• Presently, the UGC is giving final touches to a regulation that would allow foreign universities to establish campuses in India that have their own admission process, the freedom to determine fee structures and recruit faculty and staff from here and abroad.

New Institutions, Enhanced Capacity:

  • In addition to the new centrally-run educational institutions (including 7 IITs, 7 IIMs, 16 IIITs, 15 AIIMS of which 12 are partially or fully functional) set up in the last nine years, there was a significant capacity enhancement of existing institutions by way of the EWS quota.
  • To accommodate the 10% reservation for the Economically Weaker Section (EWS), all centrally -funded educational institutions, including IITs, NITs, IIMs, central universities, IISERs, and IIITs, were asked to increase their overall student strength by 25% within two years.

Female representation:

  • The last nine years have witnessed initiatives aimed at increasing female representation in traditionally male-dominated educational institutions. For instance, the supernumerary seats were introduced for women at IITs and NITs in 2018, resulted in a rise in female representation from 9% in 2017 to 20% in 2022 at IITs over five years.
  • Additionally, in 2021, all 33 Sainik Schools transitioned from being all-male to admitting girl cadets, following a successful pilot in 2018.

Other significant changes and initiatives in education include:

  • The no-detention policy under the Right to Education Act 2009, which guaranteed promotion through Class 1 to 8, was scrapped in 2019. After this, several states framed rules to start holding back children in classes 5 and 8.
  • A single agency to conduct all entrance tests to higher education, the National Testing Agency, was set up in 2017.
  • In a bid to end “inspector raj” and dismantle lobbies, the country’s apex medical education body, the Medical Commission of India, was dissolved in September 2020 and replaced with a new body – National Medical Commission.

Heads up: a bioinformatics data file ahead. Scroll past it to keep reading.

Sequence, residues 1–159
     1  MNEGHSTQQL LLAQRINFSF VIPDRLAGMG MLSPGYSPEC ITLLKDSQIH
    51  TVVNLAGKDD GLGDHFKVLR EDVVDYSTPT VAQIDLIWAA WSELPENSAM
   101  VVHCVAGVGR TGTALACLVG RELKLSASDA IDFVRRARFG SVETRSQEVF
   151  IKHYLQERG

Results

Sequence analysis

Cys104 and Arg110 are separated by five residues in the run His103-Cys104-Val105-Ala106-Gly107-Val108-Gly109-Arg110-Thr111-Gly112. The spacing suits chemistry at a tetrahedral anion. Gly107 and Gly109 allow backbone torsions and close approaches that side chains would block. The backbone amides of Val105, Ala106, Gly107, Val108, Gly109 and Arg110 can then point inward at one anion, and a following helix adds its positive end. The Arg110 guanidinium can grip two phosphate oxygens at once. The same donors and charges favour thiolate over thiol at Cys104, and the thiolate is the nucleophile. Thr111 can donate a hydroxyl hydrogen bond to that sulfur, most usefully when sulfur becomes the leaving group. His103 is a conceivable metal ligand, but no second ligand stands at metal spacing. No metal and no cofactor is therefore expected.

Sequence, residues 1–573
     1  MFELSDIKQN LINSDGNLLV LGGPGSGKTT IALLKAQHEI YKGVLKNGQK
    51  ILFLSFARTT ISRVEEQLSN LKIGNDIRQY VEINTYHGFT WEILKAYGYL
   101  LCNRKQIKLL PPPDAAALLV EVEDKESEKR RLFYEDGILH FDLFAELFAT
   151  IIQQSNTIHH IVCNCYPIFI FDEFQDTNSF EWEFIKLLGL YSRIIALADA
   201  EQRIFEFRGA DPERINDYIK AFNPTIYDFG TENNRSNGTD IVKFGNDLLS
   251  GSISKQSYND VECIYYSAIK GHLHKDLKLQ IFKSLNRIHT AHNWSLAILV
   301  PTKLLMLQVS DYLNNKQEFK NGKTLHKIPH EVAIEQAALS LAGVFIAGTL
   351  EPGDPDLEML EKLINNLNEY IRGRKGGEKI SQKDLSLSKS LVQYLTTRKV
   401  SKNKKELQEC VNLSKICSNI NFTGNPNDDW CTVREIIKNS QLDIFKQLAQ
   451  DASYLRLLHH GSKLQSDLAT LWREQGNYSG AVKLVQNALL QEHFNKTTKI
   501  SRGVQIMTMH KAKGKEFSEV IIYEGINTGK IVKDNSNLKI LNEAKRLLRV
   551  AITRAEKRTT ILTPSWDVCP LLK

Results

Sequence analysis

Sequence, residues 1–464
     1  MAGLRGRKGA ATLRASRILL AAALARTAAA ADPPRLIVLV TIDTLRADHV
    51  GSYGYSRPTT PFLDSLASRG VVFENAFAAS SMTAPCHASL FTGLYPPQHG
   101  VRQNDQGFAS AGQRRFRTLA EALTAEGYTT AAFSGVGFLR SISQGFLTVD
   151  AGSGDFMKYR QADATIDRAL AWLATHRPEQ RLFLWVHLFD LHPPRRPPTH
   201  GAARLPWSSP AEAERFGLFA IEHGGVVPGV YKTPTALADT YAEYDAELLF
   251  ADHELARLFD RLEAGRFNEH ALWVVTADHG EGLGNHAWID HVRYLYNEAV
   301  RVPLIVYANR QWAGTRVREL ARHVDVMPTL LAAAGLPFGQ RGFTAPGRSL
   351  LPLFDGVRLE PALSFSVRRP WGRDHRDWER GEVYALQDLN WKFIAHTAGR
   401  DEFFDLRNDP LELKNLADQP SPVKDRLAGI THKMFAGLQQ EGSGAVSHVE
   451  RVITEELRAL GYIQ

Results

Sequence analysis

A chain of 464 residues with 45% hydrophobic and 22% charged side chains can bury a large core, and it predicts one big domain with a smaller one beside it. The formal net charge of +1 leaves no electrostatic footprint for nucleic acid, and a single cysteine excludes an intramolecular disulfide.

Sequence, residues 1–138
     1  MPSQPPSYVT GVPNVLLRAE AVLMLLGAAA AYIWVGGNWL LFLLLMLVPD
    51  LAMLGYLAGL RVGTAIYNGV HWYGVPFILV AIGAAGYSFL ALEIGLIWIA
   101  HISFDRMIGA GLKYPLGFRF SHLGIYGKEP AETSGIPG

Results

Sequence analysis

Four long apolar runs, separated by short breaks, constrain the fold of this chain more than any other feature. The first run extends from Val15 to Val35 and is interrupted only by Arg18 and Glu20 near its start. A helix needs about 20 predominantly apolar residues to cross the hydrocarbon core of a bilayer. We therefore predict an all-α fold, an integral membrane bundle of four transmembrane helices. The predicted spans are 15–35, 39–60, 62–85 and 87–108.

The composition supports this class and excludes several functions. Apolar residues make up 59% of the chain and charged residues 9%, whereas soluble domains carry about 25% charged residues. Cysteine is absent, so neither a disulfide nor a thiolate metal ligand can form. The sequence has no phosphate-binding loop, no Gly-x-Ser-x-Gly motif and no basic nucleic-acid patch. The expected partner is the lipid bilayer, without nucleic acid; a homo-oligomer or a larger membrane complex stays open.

• Higher Education Financing Agency or HEFA was set up in 2017 to leverage funds from the market to finance infrastructure development in educational institutions through long-term loans.



  • HEIs with a NAAC score of 3.51 or ranking among the top 500 in reputable world rankings were placed in ‘Category I’, allowing them to start new courses, establish off-campus centres, offer skill development courses, hire foreign faculty, and run open distance learning programs.
  • To date, only 48 universities (out of almost 1,000 in the country) have been placed in ‘CategoryI’ as part of the graded autonomy scheme of UGC.

Vacant Faculty and Leadership Positions:

  • Shortage of teachers and vacant leadership positions have been a constant for CEIs in the last nine years. Teacher recruitment efforts have only been prioritised and accelerated in a “mission mode” since September 2021.
  • According to parliamentary records, only 1,471 teachers have been hired across all central universities since the start of this recruitment drive, and approximately 6,000 positions (almost 30% of the sanctioned posts) remain unfilled.

Conclusion- National Education Policy aims to raise public spending on Education to 6 %  of GDP . However, this remains unfulfilled . Funding along with effective implementation of policy is the way forward.

Syllabus- GS-2; Education

Source- Indian Express

Any Doubts ? Connect With Us.

Join Our Channels

For Latest Updates & Daily Current Affairs

Related Links

Connect With US Socially

Request Callback

Fill out the form, and we will be in touch shortly.

Call Now Button